Bishop W. Shawn McKnight issues decree to promote public safety and well-being
JEFFERSON CITY — Bishop W. Shawn McKnight of the Diocese of Jefferson City has issued a decree which restricts the type of public gatherings in the 95 parishes of the diocese. The decree is for April 1-30, and limits access of the diocesan campuses — although lessons are continuing through remote learning for students in the diocesan schools. In a separate communication, Interim Superintendent Kenya Fuemmeler stated some schools may finish the school year using remote learning.
“The COVID-19 pandemic evokes our country’s memories of the 1918 Spanish flu pandemic,” Bishop McKnight said. “While it pains me personally as a bishop to forbid the public celebration of our sacraments of faith in my diocese for a time, I am also sorrowful over the number of people in our local hospitals and throughout the world who are suffering greatly because of this virus. I have parents who are elderly, who have had cancer and heart disease; people like them are particularly at risk. I think our love for people like them requires us to do what we can. Respect for life is something God expects from all of us.”
The decree comes as the Church prepares for Easter services. On Thursday, April 2, at 10 a.m. the diocese will live stream its Chrism Mass from the Cathedral of St. Joseph. In his decree, Bishop McKnight encouraged all Catholics to join in the service, over the internet. The Mass may be found on the diocesan website at diojeffcity.org. The decree also provides directions to parishes to live stream services on Holy Thursday, Good Friday, Holy Saturday and Easter Sunday. The directions follow guidelines provided by the Holy See. More than two-thirds of the parishes in the diocese already provide live streaming of Masses and other services to Catholics who are prohibited from attending Mass in person.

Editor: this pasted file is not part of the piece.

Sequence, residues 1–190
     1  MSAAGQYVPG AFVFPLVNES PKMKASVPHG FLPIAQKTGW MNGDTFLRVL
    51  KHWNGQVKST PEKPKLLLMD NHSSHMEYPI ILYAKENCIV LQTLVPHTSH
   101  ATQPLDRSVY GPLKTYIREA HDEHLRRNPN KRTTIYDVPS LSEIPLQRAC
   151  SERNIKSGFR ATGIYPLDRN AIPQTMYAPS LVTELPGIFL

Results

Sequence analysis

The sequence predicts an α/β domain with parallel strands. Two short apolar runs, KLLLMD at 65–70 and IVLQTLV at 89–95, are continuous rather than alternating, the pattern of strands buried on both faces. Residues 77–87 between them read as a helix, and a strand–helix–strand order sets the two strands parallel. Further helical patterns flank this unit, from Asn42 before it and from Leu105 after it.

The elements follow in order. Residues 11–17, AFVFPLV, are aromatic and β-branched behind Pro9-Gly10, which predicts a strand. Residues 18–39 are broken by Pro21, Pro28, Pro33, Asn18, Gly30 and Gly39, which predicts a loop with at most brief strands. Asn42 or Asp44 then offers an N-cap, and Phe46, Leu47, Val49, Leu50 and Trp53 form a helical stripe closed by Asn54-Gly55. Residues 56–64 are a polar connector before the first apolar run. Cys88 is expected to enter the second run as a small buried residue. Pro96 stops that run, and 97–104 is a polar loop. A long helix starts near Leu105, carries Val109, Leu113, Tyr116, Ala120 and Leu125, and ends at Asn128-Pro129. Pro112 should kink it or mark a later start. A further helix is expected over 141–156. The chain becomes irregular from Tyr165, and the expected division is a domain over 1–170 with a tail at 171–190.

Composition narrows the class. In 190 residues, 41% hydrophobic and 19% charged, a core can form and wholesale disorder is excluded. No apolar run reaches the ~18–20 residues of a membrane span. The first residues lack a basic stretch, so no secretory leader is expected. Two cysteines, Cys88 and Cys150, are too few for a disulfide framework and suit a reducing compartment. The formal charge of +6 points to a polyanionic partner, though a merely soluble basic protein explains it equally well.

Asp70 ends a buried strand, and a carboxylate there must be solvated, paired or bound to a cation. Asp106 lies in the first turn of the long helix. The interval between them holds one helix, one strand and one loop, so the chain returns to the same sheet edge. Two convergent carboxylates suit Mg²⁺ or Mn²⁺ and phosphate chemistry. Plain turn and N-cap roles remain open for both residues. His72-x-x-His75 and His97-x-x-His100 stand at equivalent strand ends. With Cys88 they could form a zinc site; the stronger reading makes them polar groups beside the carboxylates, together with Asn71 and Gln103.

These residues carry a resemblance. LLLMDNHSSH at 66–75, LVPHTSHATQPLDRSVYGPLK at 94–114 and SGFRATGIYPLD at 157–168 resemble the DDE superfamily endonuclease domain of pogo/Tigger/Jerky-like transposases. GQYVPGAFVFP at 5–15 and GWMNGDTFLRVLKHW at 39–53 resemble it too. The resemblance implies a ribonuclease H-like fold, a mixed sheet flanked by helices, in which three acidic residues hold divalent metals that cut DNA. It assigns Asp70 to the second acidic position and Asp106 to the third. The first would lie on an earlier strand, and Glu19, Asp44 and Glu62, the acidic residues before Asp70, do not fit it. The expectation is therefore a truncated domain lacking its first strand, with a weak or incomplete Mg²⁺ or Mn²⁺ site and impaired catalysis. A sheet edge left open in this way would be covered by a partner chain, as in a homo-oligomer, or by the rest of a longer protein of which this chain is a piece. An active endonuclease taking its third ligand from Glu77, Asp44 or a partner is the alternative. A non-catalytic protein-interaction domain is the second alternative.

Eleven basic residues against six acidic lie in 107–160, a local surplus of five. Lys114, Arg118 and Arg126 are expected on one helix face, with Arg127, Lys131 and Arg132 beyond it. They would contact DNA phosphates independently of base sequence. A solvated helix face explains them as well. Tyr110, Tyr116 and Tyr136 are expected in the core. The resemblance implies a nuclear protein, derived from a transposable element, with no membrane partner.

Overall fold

The decree was preceded by a letter from Bishop McKnight on March 29, asking parishes to review their finances and work with diocesan staff to prepare for the consequences of a decline in donations. On average, parishes receive 86% of their revenue from tithing by parishioners. For those parishes whose parishioners donate in person on Sunday, the inability to gather for Masses can have significant implications.
“Our towns and cities will emerge from this pandemic, but our lives will be very different after the virus has past,” Bishop McKnight said. “Our efforts are to help the people of our diocese stay healthy, keep calm and work together so our families can thrive. The diocesan directives encourage a sense of co-responsibility between our clergy and laity to ensure our parishes and schools are able to respond to the post-pandemic world with creativity and flexibility.”
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